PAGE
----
“I’m not sure where your father kept it. On his computer somewhere, but I’m not sure how to get in.” Your father died recently, leaving your mother struggling to access the finances which your dad looked after. It is a common problem. Keeping track of all your online accounts and passwords can be hard enough when you are alive. It is even harder for someone to encounter them after you die.
The Michigan Fiduciary Access to Digital Assets Act was created in 2016. It sets out how your family can access the online information they need when you pass away. Without those passwords and login details, it is much harder for them to access elements of the estate you leave them. You can set out who will get digital access in your will and specify anyone who should not receive access. If you do not do so, a court will have to give someone permission.
When considering your digital legacy, it is not just bank accounts and financial assets you need to consider. Perhaps you have photos stored online in the cloud, what should happen to them? What about any email accounts or social media accounts you have? Do you really want your office email still saying you will be back next week in years to come? Or your social media profile sitting there 100 years from now?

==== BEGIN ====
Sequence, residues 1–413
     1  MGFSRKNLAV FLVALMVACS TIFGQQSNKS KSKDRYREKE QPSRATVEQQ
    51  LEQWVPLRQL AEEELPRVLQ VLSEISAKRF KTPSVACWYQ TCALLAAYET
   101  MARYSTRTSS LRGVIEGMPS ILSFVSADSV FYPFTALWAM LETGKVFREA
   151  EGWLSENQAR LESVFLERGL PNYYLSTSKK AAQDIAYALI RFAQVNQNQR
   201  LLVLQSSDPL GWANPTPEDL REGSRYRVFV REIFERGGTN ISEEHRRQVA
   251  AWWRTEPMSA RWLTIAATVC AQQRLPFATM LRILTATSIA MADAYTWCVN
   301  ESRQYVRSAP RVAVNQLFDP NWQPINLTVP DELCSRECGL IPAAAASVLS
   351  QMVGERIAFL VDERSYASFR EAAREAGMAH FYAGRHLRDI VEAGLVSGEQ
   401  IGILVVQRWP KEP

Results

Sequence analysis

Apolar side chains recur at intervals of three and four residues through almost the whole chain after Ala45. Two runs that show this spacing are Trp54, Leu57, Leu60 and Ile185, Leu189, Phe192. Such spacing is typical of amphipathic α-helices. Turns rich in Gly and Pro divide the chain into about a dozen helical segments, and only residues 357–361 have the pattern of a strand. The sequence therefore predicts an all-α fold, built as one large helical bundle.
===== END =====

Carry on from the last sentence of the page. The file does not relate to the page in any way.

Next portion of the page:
The rules regarding access to someone’s digital legacy are complicated, but by thinking about it when creating your estate plan, you can make life simpler for your family when you pass away. Seek legal help to understand more about creating a digital asset protection plan in Michigan.